French composer Félicien César David (1810-1876) composed his symphonic ode, Le Désert, in 1844, setting the poetry by August Colin. This work for speaker, tenor soloists, male chorus and orchestra was the perfect piece for the new Orientalists. As Victor Hugo noted in 1829, under Louis XIV everyone was a Hellenist and revered Greek culture, now the Orient was in fashion. Writers such as Nerval, Gautier, and Flaubert included oriental scenes in their work, and painters such as Delacroix, Ingres, Chassériau, and Regnault did as well.
Politically, Napoleon was frustrated in Egypt and successful in Algeria, so the eyes of France were on the Orient. It was a place for potential political expansion and mineral exploitation and had a reputation in the European imagination for being a place for the mysterious, the fabulous, the forbidden, in short, everything that the narrow morality of 19th-century France prohibited.
Félicien César David was a member of the Saint-Simonian Order, an early socialist order. Led by Claude Henri de Rouvroy, comte de Saint-Simon, they believed that the new spirit of industrialization and scientific discovery would have profound changes on society. Society would abandon traditional ideas of temporal and spiritual power and develop a society based on ‘true equality.’
The count died in 1825 and his followers began to split. One group departed for Asia to find their predicted female Messiah. The influence of the group led to a kind of practical Saint-Simonianism that resulted in projects such as the Suez Canal and the development of the bank Crédit Mobilier. The Suez Canal would assist in a movement to Asia in search of Messianic revelations, as well as aid commerce.
The resident composer of the Saint-Simonians was Félicien César David. He accompanied the group on their journey to find their female messiah. The journey departed in March 1833 and went to Istanbul, Smyrna, Jaffa, Jerusalem, and then Egypt where the expedition folded in 1835 without success. David returned to France and used the notes he’d taken on the trip to publish a set of 22-character pieces and album leaves for the piano in 1845 under the title Les brises de’Orient (The Breezes of the Orient).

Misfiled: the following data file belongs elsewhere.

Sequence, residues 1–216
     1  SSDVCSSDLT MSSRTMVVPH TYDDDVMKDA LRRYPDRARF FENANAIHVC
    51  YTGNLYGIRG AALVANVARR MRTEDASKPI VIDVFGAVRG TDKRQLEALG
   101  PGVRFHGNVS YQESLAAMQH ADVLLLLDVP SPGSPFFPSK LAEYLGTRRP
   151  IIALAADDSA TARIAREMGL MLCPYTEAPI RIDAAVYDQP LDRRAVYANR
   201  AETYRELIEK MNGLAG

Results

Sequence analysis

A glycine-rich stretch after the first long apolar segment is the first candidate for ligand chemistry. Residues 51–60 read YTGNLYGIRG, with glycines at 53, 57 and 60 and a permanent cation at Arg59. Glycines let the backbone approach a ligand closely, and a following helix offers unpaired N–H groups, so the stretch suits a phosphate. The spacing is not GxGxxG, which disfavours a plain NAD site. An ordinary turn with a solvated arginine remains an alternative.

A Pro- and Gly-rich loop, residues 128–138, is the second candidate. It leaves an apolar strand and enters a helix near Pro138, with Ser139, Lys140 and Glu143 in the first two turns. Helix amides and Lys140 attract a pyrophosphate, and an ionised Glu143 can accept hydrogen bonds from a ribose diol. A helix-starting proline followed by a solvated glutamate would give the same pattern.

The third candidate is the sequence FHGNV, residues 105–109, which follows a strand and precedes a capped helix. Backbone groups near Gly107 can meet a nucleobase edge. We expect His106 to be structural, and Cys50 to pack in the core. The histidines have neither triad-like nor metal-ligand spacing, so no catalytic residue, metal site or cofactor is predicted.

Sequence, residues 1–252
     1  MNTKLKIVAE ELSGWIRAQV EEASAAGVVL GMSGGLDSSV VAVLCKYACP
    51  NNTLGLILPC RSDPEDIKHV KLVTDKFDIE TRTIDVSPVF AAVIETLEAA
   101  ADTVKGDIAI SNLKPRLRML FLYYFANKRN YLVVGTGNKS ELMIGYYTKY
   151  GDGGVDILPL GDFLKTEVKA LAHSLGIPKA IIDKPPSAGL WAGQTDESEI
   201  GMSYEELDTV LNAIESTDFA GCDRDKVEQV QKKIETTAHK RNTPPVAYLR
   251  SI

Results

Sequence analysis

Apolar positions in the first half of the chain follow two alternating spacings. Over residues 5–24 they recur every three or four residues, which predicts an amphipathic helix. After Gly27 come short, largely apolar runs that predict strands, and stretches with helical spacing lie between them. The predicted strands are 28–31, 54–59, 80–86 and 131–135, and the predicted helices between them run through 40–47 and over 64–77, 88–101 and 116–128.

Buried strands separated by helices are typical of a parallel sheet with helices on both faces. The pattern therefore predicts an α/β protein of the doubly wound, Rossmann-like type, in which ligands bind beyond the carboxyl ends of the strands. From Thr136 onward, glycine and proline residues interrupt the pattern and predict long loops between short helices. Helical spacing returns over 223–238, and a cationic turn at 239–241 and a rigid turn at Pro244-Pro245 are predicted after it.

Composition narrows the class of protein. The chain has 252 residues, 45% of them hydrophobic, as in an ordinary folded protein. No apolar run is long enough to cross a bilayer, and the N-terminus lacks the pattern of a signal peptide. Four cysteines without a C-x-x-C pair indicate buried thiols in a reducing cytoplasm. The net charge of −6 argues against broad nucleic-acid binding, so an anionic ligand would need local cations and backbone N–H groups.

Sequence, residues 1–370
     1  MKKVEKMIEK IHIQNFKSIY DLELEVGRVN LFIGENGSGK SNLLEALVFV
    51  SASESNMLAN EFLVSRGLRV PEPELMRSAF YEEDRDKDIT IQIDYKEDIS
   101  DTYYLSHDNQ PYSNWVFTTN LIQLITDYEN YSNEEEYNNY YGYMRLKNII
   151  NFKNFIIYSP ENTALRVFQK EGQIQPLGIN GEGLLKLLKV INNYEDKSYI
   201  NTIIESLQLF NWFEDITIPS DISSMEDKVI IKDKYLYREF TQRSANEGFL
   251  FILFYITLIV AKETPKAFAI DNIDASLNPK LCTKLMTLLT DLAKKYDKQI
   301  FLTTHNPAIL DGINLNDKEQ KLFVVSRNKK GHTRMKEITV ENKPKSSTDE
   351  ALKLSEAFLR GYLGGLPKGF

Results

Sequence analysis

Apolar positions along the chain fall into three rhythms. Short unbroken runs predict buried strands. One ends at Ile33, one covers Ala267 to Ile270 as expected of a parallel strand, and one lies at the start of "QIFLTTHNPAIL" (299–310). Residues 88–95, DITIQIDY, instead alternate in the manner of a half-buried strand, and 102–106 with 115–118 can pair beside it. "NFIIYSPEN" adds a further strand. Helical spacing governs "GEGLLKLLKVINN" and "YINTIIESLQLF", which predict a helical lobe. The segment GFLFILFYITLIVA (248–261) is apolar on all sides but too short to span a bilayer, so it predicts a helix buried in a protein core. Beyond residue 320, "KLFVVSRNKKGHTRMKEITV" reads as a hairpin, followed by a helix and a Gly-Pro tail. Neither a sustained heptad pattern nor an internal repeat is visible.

His most famous piece, however, was Le Désert, his three-part symphonic ode. It’s considered the start of music exoticism, with a text by another Saint-Simonian, Auguste Colin.
The conceit is that the setting is a day (part 1) and night in the desert (part 2), starting with the hush of the desert morning, the appearance of the caravan, a sandstorm, the calm after the storm, and, as they settle for the night, the dancing.
In the morning is sunrise (part 3) and the call of the muezzin, and the caravan’s disappearance into the distance. Despite its oriental setting, it’s an example of pure Saint-Simonianism. The caravan represents human society. They do their daily work, are beset by nature’s sandstorm, celebrate in the evening, and give praise to god in the morning. The title of ‘Symphonic Ode’ was a not-so-subtle reference to Beethoven’s appeal to universal harmony in his 9th symphony – the work was entitled an ‘Ode-Symphony’ in France. Other Beethoven parallels in the work are the clear depiction of nature (as in Beethoven’s Pastoral Symphony).
The Arabian Fantasy that brings part 2 to an end is pure orientalism. The rhyme is from Arabic models and the melody comes from Syria. The accompaniment on the tonic and sub-dominant, is a pure drone, as in bagpipes. The sound, accompanied by cymbals, comes from older ‘oriental’ models in the west that would use the jingling johnny – the Turkish crescent.
Italian conductor and pianist Guido Maria Guida (b. 1956) studied at the Turin and Milan conservatories before doing additional studies in Paris and Sienna. From 1982 to 1994 he worked as musical assistant to Giuseppe Sinopoli, and was a regular conductor of the Berlin Radio Symphony Orchestra. His recent conducting activity has mainly involved opera, conducting in Mexico, Houston, and did an entire Ring cycle in Mexico City between 2003 and 2006.
Félicien César David: Le Desert – Part II: Arabian Fantasy
Berlin Radio Symphony Orchestra
Guido Maria Guida
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